Rename wp-login.php for security
Please direct me to a resource on how to rename wp-login.php.
Is it the same as wp-admin.php? Should I do both?
I know a lot has been said about security through obfuscation, and many people don’t use it because it’s not effective as a stand-alone security measure.
What is the consensus? Should I use it?
Do you use it? If not please recommend other methods.
wp-admin is a directory and when it is accessed without being logged in you get re directed to wp-login.php.
The WordPress user auth system is very secure and as long as you use a STRONG password you don’t need to worry about this. Moving or renaming wp-admin or wp-login.php does not work and will cause more problems.
If you are really paranoid use a plugin like Limit Login Attempts.
Thank you, that’s an honest answer.
What is the user auth system – is that standard?
User authorisation system. And yes, it’s part of WordPress core (ie standard).
@chris Olbekson, why do you say renaming will cause more problems?
Like what sort of problems?
I just cannot come to terms with the fact that the login is in plain view.
If there’s a lock-down on the amount of attempts allowed, won’t it be easy for unscrupulous persons to effectively lock out legitimate users by using incorrect passwords all the time?
I use a renamed wp-login.php from months with great satisfaction. It’s easy just google it.
But today i was spending time hardening my WP, and i had a very dumb doubt: what happens if i type “mydomain.com/wp-admin/” only? You get redirected to “mydomain.com/wp-admin/your-secret-login.php”!
So i ask myself… what is the advantage in renaming wp-login? It’s placebo!
So Chris is right… but i can’t understand why WordPress doesn’t introduce a native brute-force feature. I hate editing core files to increase security or running external plugins.
I have to disagree with Chris and swordspres that “you don’t need to worry about this” and that it is “placebo”.
RULE #1: Obfuscation translates to increased security.
Many botnets are designed specifically to look for “wp-login.php” or “/wp-admin”. If you can write HTACCESS to reject direct calls to those locations, doing the URL rewriting server-side from other URLs instead, then you will not only be adding a defense to your security which bots are currently not accustomed to being prepared for, you will also be saving your server the resources that would have been given to all those bots that would have otherwise identified your site as WordPress and subsequently began attempting brute force and other hacks, in addition to comment spam, etc.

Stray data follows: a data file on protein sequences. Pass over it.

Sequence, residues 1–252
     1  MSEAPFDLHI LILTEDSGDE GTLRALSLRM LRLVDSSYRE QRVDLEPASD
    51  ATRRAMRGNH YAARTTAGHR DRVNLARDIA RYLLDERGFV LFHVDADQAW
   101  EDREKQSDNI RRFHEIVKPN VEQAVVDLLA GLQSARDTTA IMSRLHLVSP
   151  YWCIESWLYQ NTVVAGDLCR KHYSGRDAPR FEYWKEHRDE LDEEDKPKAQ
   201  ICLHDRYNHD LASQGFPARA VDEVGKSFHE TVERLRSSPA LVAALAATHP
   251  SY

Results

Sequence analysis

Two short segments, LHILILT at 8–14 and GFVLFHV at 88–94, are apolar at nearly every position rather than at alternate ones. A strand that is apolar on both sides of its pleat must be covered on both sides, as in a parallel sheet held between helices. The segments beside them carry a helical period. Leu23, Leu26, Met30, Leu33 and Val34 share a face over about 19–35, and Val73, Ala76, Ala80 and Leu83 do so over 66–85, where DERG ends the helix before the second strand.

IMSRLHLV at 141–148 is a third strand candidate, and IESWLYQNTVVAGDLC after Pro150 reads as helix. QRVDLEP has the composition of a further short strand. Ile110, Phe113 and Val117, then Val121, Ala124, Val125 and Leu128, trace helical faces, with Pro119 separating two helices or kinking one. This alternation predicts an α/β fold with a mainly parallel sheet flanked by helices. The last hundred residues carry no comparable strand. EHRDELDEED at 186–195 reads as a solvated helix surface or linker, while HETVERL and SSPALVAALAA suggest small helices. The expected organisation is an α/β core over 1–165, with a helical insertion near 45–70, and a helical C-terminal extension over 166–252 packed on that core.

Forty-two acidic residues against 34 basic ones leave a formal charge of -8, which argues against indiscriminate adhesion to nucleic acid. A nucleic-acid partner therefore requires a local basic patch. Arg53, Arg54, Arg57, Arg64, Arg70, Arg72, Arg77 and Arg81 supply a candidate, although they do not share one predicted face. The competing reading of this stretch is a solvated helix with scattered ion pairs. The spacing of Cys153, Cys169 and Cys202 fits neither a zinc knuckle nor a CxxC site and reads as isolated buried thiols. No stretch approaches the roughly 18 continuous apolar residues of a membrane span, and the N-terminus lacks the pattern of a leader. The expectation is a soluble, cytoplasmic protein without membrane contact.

If you can get it done, and ensure that it is compatible with all your plugins and themes, then I’d say by all means GO FOR IT: your security will be improved and you will conserve server resources.
So in the spirit of helpfulness: there is a related and very helpful discussion on StackExchange.
@swordspres – if you knew HTACCESS you could play with redirects.
The redirect from “yourdomain.com/wp-admin/” to “yourdomain.com/wp-admin/your-secret-login.php” is not necessary – I don’t get redirected.
but i can’t understand why WordPress doesn’t introduce a native brute-force feature. I hate editing core files to increase security or running external plugins.
Rule#1 sounds right to me too.
I now have good custom HTACCESS. It’s somewhat bulky but at least I have custom settings which are my own and make me feel safer.
Note: If you’re not using HTACCESS and your plugins tell you that a brute-force attempt occurred, what will you do with the information it gathers?
It’s like knowing They’re Coming for You and that that playout is going to repeat itself infinitely and that you’re expected to feel fortunate when when you’re not struck.
Jeff Starr’s knowledge base is helpful when you want to be proactive.
If you’re not using HTACCESS and your plugins tell you that a brute-force attempt occurred, what will you do with the information it gathers?
Well, exceptionally strong passwords is of course the first step. Atypical usernames (not “admin” or any variation on your name or the site name) is the second step.
But beyond that: certain WordPress plugins can actually add security features to HTACCESS for you, even W3 Total Cache. Bad Behavior does some similar things. And don’t underestimate CloudFlare’s optional threat control settings — since CloudFlare operates at the DNS level, it can prevent gobs of bots from even reaching your server. Just carefully go through all the settings and regularly check the threat control dashboard.
If you do utilize HTACCESS settings (see especially the 5G Blacklist and related WP plugin), I would expect Bad Behavior to be redundant enough to not warrant the additional processor load.
Renaming wp-login.php is possible and it avoids A LOT of brute-force bots. Just rename it to (example) wp-loginABCD.php and also rename all 13 “wp-login.php” instanced inside to “wp-loginABCD.php”. Everything will work fine.
Choosing a different wp-login name should be part of basic WordPress installation process. Also renaming admin account and accepting ONLY strong passwords with more than 14 characters.
My plugin Rename wp-login will do this for you without breaking registration, lost password, login forms etc. Also works with plugins that hook into the standard wp-login.php, so it works nicely with e.g. Limit Login Attempts. wp-login.php will be also be blocked with a 404 status, so attacks focussed on that file are blocked.
I appreciate any suggestions.
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